Basic set up of the Z3000 is a doddle – provided you can find a coffee table big enough to hold its considerable bulk. Thanks to the provision of exceptionally flexible horizontal and vertical image shifting wheels down the projector’s side, I was able to get an image perfectly positioned on my screen in no time – and without the need for any nasty, distorting keystone correction, either.
The projector’s onscreen menus aren’t bad either, in a no-nonsense kind of way. The only area of complaint here is that I found the picture unusually tricky to calibrate correctly. And worryingly this seemed to be more down to issues with the image itself than the projector not providing me with enough adjustment tools for the job. More on this later.
Key features of the menus that you’ll need to familiarise yourself with include a selection of lamp output presets, with two dark ones aimed at home cinema use; gamma adjustment; noise reduction adjustment; two ‘dynamic’ iris settings and one fixed option; the facility to reduce the iris’s range; automatic black stretch, contrast enhancement and transient improvement options; an adjustable Smooth motion mode; that 5:5 pull down system; and last but not least, a really quite sophisticated colour management system.
The latter actually lets you select small target areas of the picture (which is frozen at the moment you select the feature) and adjust the level, phase and gamma of the selected tone using a ‘sliding scale’ of slightly different shades to either side of the original. Helpfully there are Before and After boxes so you can track exactly what impact your changes are having.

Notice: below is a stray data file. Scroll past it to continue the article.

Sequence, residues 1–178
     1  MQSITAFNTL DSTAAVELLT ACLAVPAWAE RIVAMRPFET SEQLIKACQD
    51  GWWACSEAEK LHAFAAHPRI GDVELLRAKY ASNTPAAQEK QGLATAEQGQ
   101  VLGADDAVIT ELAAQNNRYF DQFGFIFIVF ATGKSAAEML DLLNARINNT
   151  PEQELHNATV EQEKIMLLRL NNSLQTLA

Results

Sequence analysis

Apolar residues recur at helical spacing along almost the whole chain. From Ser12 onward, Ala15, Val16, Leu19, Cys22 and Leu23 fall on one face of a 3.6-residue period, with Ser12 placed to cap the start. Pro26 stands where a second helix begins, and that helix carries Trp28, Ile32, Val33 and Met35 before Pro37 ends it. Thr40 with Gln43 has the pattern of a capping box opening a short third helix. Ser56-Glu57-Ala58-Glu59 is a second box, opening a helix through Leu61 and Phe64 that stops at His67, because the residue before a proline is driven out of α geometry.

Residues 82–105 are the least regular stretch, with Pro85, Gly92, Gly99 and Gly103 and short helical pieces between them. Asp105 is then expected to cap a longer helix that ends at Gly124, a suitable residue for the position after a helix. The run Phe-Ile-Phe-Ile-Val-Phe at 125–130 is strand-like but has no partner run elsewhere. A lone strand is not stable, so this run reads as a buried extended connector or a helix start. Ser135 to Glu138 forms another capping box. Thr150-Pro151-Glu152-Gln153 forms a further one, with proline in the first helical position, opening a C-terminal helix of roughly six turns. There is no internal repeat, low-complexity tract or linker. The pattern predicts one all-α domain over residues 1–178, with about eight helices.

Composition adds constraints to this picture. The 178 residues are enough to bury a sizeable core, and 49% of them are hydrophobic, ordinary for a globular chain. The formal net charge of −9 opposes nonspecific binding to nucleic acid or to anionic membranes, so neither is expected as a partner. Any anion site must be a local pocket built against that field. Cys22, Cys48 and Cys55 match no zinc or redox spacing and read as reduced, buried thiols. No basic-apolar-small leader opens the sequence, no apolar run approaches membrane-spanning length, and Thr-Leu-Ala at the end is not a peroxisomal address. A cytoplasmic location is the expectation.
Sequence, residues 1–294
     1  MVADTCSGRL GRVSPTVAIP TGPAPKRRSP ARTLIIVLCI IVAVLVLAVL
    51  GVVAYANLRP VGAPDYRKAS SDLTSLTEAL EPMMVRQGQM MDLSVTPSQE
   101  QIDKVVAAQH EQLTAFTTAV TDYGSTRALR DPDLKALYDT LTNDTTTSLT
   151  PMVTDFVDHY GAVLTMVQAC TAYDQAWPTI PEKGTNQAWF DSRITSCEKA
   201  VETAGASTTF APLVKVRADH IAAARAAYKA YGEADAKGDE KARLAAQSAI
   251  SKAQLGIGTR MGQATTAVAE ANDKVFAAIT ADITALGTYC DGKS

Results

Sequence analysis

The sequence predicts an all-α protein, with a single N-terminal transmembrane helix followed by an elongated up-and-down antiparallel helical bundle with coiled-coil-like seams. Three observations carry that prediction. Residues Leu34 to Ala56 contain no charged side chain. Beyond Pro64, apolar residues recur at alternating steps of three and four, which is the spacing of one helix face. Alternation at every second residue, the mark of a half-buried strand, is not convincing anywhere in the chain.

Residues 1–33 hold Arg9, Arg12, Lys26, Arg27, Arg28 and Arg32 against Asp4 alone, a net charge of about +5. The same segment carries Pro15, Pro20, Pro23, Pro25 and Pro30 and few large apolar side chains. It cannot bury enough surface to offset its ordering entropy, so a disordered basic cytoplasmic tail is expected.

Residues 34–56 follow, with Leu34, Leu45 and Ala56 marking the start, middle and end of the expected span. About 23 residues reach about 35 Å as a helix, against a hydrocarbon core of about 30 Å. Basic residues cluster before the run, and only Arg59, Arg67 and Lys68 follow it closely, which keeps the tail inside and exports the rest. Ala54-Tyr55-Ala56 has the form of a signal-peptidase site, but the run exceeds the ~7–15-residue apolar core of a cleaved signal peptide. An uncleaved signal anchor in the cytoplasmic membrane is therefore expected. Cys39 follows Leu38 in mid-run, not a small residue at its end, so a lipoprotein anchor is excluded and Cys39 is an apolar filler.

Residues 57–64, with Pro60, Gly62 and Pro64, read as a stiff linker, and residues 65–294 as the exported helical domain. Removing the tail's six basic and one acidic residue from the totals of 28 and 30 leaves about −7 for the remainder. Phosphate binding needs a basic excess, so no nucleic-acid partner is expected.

If this all sounds a bit scary, the projector also ships with a variety of picture presets installed, including Brilliant Cinema, Creative Cinema, Pure Cinema and Natural. Though I have to say that I didn’t find any of these entirely compelling, chiefly on the grounds that I just wasn’t blown away by the projector’s colour response when using any of them.
Seriously not one of the out-of-the-box modes seemed to deliver a colour palette that I felt entirely convinced by, and to be honest, while considerable time spent in the innovative but very time-consuming colour management system yielded considerable improvements, I never quite felt that the results looked completely ‘right’.
Trying to be a bit more specific on this, skin tones tend to look a touch orangey, some greens look slightly anaemic and some dark scenes seem to carry a slightly green undercurrent.
As an interesting adjunct to this, two of the three cinema presets provided really don’t infuse the image with very much brightness at all, a phenomenon I usually associate with a projector that’s slightly struggling to get its colours coming out right.
It’s probably on account of this apparent suspicion of brightness that the Z3000 also doesn’t deliver quite so much snap and dynamism with dark scenes – or rather combination dark/light scenes – as some competitors, including Panasonic’s PT-AE3000.